Growing up, I didn’t necessarily face the same trials that a lot of other brown girls around the U.S. have had to deal with. I give kudos to my fellow desi girls for fighting against racism and unfairness. Instead, I am extremely grateful for never having to face “bullying” due to my ethnicity or skin color.
I have shown up to school with mehndi/henna coloring my palms and my Caucasian friends would curiously ask me about it and be interested in what I had to say. They’ve asked me about Indian song and dance and displayed an appreciative outlook on what my culture had to offer. Most of this occurred during elementary school, but things eventually changed when I reached middle and high school. However, it was not with my white friends — it was with the desi crowd.
Suddenly, I was faced with the pressure to “not be a F.O.B.”
F.O.B., a popularly used word amongst the Asian-American community, specifically the South Asian community meaning “fresh off the boat.” Apparently, everything that I was into automatically categorized me as a F.O.B., or worse, as acting like one.
This befuddled me for a while. I honestly had no experience with the word before, and no one had ever told me that my interest and appreciation for my culture was seen negatively. I really didn’t understand what I had to change about myself. If the non-brown community that I had surrounded myself with was okay with my ethnicity and the display of it, why did my brown friends feel this pressure to change me and themselves?
Every little thing I did was “fobby” — talk of Bollywood movies or Indian TV shows, and even thinking about bringing Indian food to school could turn anyone into a pariah! For some reason, my friends felt this compulsion to white-wash themselves because they felt they didn’t fit in or look exactly like their peers. Sadly, eventually, even I bought into it.
When my friends made fun of that one Indian girl who came to school with oil in her hair…well, I did too. And when friends had traded their Bollywood playlists for current pop songs, I did too.
Once, as we were hanging out with our white friends, an Indian girl who had already been categorized as a F.O.B. passed by us at a restaurant, my brown friends began to make fun of her quietly, laughed at her salwar kameez and slickly-braided hair. Soon, my white friends thought it was okay to join in — so they did.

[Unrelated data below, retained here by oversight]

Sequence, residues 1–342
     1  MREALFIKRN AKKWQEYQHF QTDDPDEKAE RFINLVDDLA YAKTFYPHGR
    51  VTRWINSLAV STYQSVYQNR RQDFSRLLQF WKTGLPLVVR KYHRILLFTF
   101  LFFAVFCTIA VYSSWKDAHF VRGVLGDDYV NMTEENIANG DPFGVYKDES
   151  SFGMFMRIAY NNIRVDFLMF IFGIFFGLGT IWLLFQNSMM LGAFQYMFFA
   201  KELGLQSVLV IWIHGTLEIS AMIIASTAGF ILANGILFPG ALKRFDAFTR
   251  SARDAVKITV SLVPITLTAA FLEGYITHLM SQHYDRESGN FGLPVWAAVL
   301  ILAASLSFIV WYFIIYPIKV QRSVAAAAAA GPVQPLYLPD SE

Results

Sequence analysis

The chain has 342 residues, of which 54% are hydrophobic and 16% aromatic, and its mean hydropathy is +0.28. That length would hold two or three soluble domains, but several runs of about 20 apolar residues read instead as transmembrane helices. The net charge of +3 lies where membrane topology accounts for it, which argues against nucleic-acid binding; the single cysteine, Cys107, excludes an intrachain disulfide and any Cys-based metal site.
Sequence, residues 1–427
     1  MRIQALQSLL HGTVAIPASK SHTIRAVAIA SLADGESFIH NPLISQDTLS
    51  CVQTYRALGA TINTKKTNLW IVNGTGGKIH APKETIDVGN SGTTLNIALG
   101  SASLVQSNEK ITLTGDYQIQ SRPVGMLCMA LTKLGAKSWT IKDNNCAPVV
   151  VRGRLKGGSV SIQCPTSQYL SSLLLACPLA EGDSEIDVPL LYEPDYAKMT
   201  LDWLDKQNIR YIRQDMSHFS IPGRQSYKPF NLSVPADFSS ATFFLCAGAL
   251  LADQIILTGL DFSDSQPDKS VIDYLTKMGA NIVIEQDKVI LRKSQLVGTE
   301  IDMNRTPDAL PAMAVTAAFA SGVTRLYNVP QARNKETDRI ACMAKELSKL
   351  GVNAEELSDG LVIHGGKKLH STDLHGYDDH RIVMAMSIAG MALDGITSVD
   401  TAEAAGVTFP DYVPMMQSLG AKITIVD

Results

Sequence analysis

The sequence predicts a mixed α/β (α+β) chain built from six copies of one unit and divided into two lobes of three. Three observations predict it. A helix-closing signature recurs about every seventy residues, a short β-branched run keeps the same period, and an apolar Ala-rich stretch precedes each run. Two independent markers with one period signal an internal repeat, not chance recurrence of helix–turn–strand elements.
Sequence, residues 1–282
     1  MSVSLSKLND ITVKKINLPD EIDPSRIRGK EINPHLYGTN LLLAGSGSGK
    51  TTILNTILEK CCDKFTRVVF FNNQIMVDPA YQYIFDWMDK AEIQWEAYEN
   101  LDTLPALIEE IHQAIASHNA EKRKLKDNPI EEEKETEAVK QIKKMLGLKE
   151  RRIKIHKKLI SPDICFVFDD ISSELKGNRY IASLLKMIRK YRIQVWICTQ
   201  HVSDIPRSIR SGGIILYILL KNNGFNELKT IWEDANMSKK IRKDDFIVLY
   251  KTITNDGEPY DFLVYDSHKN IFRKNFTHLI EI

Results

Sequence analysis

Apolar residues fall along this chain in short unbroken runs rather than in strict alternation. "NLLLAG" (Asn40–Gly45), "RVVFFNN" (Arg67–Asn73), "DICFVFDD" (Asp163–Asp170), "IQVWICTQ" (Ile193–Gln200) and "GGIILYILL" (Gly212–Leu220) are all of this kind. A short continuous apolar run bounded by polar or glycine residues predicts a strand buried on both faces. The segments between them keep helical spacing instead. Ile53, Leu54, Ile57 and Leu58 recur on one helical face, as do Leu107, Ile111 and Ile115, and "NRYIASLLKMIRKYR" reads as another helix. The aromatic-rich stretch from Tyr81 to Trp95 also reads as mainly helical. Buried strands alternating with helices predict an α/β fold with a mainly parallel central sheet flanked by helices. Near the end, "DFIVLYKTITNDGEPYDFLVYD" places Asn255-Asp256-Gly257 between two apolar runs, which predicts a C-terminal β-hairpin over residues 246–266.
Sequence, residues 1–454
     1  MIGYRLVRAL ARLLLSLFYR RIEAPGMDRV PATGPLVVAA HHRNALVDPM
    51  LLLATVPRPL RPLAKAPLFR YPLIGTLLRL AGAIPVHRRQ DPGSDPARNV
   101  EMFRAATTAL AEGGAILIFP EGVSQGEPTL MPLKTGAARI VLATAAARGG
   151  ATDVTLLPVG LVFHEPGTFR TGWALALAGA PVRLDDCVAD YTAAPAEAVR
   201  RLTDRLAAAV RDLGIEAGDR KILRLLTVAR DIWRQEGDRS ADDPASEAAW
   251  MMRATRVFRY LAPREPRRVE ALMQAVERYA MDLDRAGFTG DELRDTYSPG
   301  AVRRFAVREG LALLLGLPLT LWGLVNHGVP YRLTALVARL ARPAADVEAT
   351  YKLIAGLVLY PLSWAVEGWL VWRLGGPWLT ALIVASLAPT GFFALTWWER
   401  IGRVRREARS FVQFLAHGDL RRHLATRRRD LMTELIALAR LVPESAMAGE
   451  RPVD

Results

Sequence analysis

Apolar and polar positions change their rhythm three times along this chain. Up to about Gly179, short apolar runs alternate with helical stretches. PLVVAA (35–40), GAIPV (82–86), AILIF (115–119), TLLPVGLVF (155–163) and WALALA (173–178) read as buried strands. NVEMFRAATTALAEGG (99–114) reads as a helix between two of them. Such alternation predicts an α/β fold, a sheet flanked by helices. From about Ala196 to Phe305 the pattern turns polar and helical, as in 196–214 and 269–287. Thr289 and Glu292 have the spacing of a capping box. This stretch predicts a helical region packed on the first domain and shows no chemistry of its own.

It was my first encounter with having my culture being ridiculed by someone from another race, and I found myself in the odd position of it being led by my own people. We were honestly teaching other people that it was okay to be insensitive of someone’s ethnicity, and to ridicule it.
It made me uncomfortable, and I’ve since distanced myself from people like that — who are so oblivious to the hurt they cause to other people with their words and with their insensitivity. I’ve also come to realize that the brown community is widespread and almost family-like in its size. It’s definitely a small world when you’re brown, and you define how others perceive your community and ethnicity by what you say.
The word F.O.B. is so overused that it’s begun to lose its meaning. At this point, F.O.B. has become synonymous with being uncool — calling someone that studies instead of partying or hanging out. That girl who only listens to Indian music is “fobby.” So is that boy who brings paratha to school. The word F.O.B. has become lost in translation.
I live in a community in Illinois where the brown population seemingly trumps the white population in size. And still, teenage desis feel the need to trash others who don’t fit into the “non-fobby” standards they cling to. Brown girls and guys in my community are so afraid of being judged by others that they’ve actually chosen to take control by doing it themselves. Perhaps, this is because we’re so used to being put down for our culture and customs that we’ve traded in appreciation for deprecation.
The question here is, how do we stop others from being critical of us when we are so critical of each other? The F.O.B. label can be more hurtful than a lot of people realize. It causes someone to believe that they’re doing something wrong, or that they aren’t accepted. We still have a long way to go in this regard!
But you are NOT fobby because you choose to embrace parts of your culture that others do not fully understand. If they don’t understand, explain it to them.
As for me, if being a F.O.B. means loving Siddharth Malhotra more than Bradley Cooper, and relishing my mom’s saag paneer with roti at school, then so be it — I am a F.O.B., and proud of it.
Antaraa Anandan is a 16-year-old high school student born in Chennai but raised in Naperville, Illinois. She hopes to make a
career in advocacy journalism, or working PR for a Bollywood celebrity in her future (latter will most probably not happen but, hey, one can dream). In her free time, she loves catching up on “The Mindy Project,” participating in speech team tournaments, and singing along to Arijit Singh horribly off tune in the shower.